“If this were a case about the harm caused by a particular drug in any other context the judiciary would require reliable scientific evidence. Pregnant women and children who are caught up in the child welfare system and who are disproportionately low income and of color, no less than other people or corporations, deserve decisions that are grounded in evidence-based research,” said Emma S. Ketteringham, co-counsel in the case and Director of Legal Advocacy for amici National Advocates for Pregnant Women. Ms. Ketteringham added, “Pregnant Women and families should not be deprived of their fundamental rights – including the right to family relationships – based on junk science, or no science at all.”
Expert amici explained to the court that medical research makes clear that numerous substances, conditions, and circumstances raise similar or greater risks to fetuses than prenatal exposure to cocaine. While amici were careful to note that they were not suggesting that prenatal exposure to criminalized drugs is benign, they emphasized that current scientific evidence simply does not support judicially rewriting state law to allow for a per se finding of abuse or neglect based solely on evidence of a woman’s use of cocaine, or other criminalized or non-criminalized drug during pregnancy.
Amici also noted that there is no research to support the idea that a positive drug test demonstrates harm, risk of harm, or a likelihood of neglect or abuse. They emphasized, however, that there is research finding that threats of punishment, including the loss of child custody, deter pregnant women from care, undermining rather than advancing maternal, fetal, and child health.
Wendy Chavkin, MD, MPH, a physician and researcher who has written extensively about the issue of drug use and pregnancy, observed: “These issues have become caught up in other political battles. It is critical that state agencies, like DYFS, and the court base their decision on scientific evidence, not on misinformation and stereotype.”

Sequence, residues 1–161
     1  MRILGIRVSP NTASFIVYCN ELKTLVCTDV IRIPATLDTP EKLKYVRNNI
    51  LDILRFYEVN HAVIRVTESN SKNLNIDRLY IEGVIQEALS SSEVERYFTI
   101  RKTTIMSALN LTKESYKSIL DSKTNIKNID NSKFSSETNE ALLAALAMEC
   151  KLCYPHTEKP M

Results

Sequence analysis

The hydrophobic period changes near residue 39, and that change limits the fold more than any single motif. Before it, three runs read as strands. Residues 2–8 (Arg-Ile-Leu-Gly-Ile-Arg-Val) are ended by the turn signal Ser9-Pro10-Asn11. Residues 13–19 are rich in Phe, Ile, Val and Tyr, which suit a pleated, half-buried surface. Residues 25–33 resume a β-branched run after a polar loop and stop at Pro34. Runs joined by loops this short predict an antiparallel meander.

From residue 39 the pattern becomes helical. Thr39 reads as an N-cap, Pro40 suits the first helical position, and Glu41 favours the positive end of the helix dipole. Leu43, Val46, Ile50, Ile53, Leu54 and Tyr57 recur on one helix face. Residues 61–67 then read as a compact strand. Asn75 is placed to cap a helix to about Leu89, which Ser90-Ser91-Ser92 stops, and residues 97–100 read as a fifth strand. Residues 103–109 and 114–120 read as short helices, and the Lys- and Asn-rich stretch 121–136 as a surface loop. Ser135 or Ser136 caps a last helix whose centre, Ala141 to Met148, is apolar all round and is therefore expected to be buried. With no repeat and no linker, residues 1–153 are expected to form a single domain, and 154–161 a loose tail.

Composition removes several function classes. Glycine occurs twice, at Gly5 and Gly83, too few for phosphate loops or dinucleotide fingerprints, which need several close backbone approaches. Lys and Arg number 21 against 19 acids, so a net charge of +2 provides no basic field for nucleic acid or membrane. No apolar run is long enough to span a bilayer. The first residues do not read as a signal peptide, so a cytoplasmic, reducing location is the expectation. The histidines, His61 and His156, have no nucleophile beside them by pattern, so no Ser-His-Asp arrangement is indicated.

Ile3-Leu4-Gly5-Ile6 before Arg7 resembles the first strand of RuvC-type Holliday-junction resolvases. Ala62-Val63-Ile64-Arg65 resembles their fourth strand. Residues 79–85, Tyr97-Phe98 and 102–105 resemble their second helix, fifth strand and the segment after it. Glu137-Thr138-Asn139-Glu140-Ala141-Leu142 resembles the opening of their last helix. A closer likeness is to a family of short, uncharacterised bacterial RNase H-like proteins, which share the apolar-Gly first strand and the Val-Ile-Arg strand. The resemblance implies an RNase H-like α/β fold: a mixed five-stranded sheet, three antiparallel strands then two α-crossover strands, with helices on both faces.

Ms. A.L. is represented by Clara Licata of the New Jersey Office of Parental Representation. An amicus brief supporting Ms. A.L.’s position was also filed on behalf of The Legal Services of New Jersey.
Amici organizations include: American College of Obstetricians and Gynecologists, Addiction Science Research and Education Center, American Academy of Addiction Psychiatry, American Society of Addiction Medicine, International Centre on Science in Drug Policy, International Doctors for Healthy Drug Policies, National Perinatal Association, National Coalition for Child Protection Reform, Child Welfare Organizing Project, HealthRight International (Former Doctors of the World –USA), and National Women’s Health Network. This amicus brief – including a full list of the amici – is available here on the National Advocates for Pregnant Women’s website: http://bit.ly/TstXFD
It will be possible to watch the oral argument online at the New Jersey Supreme Court WebCast page: http://bit.ly/dCvPGA